By Sean Rice
Drug abusers are making it difficult for the “average Joe” to buy over-the-counter cold medicines.
Area chain stores CVS, Wal-Mart and Kmart all have some type of restriction in place to prevent customers from buying multiple cold and asthma medications such as Sudafed or Dimetapp.
The reason: ephedrine — a drug found in most cold pills and liquids. It is a key ingredient used to manufacture the illegal drug methamphetamine.
“We limit three (cold remedy items) per customer per day,” said Peter Owsley, manager of Wal-Mart in Celina. “Anything that has (ephedrine) in it will prompt the cashier to check for multiple purchases when scanned.”
Owsley said the move was a corporate decision made about a year ago.
Well-known products such as Sudafed, Actifed, Dimetapp Extentabs and other non-prescription decongestants contain ephedrine or pseudoephedrine. Ephedrine is a bronchial dilator found in many asthma medications; pseudoephedrine is approved by the Food and Drug Administration as a nasal decongestant.
Other household-type items used to make “meth” are lye, drain cleaners, rubbing alcohol and battery acid — but none are monitored as closely for sale as cold medicines, according to the Consumer Healthcare Products Association.
Makers of meth who do their cooking in makeshift labs have become the number one target of law enforcement officers across the nation, officials say. The labs emit a distinctive odor, are highly explosive and many times are operated out of family homes such as the one discovered in the Wabash area by local sheriff’s deputies in November 2003.
“Sudafed was found in that meth lab,” said Mercer County Sheriff Jeff Grey, although he could not give the quantity discovered because the scene was cleaned up by federal drug enforcement officers. “The report said some of it (Sudafed) was bought, some of it was stolen.”
Grey said many people don’t understand the connection between drugs like Sudafed and the making of meth. The sheriff’s office has received at least one call from a store owner asking why someone would buy so much cold medicine at one time, he said. “We’d really like people to call us if they have suspicions,” he said. “This is an issue we’re going to have to deal with from now on.”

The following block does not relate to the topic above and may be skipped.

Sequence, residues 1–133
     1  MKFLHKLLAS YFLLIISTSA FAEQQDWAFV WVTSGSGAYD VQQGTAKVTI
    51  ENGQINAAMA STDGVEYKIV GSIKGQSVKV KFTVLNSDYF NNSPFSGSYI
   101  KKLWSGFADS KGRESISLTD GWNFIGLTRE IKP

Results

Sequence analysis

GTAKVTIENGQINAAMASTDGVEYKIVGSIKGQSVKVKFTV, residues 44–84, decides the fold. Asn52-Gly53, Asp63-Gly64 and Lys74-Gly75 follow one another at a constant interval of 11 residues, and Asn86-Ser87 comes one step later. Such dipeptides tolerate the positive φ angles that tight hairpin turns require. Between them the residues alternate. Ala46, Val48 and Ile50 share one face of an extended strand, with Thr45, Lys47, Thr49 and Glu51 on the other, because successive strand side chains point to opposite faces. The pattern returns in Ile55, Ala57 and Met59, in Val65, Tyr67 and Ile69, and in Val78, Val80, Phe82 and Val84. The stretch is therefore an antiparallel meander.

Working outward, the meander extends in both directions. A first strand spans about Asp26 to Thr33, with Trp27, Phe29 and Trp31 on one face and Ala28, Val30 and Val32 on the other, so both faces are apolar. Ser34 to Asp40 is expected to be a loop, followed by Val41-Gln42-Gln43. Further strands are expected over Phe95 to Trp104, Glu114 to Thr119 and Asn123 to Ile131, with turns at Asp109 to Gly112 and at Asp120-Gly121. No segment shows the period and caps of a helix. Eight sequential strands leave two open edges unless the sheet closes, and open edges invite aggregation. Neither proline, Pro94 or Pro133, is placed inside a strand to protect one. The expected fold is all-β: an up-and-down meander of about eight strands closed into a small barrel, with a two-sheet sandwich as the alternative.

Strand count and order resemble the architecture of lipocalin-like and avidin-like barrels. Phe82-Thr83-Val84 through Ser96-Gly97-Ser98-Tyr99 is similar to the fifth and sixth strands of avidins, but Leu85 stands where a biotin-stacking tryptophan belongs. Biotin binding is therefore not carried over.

It takes thousands of pills containing the targeted drugs to make a little more than a kilo of meth, according to the U.S. Drug Enforcement Administration (DEA). DEA statistics show that nearly 270 meth labs were discovered by law enforcement officers in Ohio last year.
Meth abusers risk strokes, hallucinations, paranoia, convulsions and prolonged psychosis. The drug, also known as “speed,” “crank” or “ice,” can be smoked, snorted, injected or taken orally. It increases the heart rate, blood pressure, body temperature and breathing rate, dilates the pupils and produces euphoria. High doses or chronic use leads a user to develop dramatic mood swings and hyperactive behavior — a threat to themselves and everyone around them.
CVS spokesman Mike DeAngelis said the giant drug store chain follows federal guidelines (there are no laws in place), which urge retailers to restrict transactions to only 9 grams per sale. That translates to about three containers of pills or four bottles of the drug in liquid form.
“Before we instituted the restriction last fall, less than 1 percent of our customers ever purchased that much at one time,” DeAngelis said.
The purchasing restrictions may be a headache for consumers, especially those who suffer chronic colds or asthma. An alternative, such as placing all the ephedrine-laden medications behind the counter and out of reach, doesn’t seem fair to the average consumer.
“I, for one, don’t want to stand in line for a cold tablet for a runny nose,” said Lt. Steve Stienecker, commander of the Grand Lake Drug Task Force.
But it could be worse, Stienecker said. In some states, such as Tennessee, you must show a photo identification to purchase any quantity of cold medicine, he explained.
“But that still doesn’t stop people from stealing it,” he added.
Getting the word out and educating the public is the best way to curb the problem, he said.
“Awareness is the key,” he added.